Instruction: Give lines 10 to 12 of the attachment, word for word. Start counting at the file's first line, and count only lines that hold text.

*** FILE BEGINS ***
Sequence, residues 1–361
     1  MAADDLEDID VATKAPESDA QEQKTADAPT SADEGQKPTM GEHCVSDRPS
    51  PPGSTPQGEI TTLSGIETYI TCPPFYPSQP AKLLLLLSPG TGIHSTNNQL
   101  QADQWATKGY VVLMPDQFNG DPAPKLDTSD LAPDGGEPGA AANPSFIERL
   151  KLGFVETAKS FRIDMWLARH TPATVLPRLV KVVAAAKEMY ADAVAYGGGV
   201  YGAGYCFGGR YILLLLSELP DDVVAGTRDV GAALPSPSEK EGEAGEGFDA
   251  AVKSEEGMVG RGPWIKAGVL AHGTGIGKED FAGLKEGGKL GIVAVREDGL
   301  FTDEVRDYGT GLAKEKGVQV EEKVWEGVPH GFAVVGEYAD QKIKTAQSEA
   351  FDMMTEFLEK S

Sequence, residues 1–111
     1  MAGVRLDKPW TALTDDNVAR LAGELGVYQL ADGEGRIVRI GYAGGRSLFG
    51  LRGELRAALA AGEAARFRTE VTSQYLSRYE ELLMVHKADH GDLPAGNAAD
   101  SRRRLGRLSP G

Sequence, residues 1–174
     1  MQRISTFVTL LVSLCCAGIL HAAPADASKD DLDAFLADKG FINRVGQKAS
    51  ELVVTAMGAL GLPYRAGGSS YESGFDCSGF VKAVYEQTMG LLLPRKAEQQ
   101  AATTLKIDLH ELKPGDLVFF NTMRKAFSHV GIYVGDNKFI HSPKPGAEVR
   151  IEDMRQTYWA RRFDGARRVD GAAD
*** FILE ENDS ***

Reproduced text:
Sequence, residues 1–111
     1  MAGVRLDKPW TALTDDNVAR LAGELGVYQL ADGEGRIVRI GYAGGRSLFG
    51  LRGELRAALA AGEAARFRTE VTSQYLSRYE ELLMVHKADH GDLPAGNAAD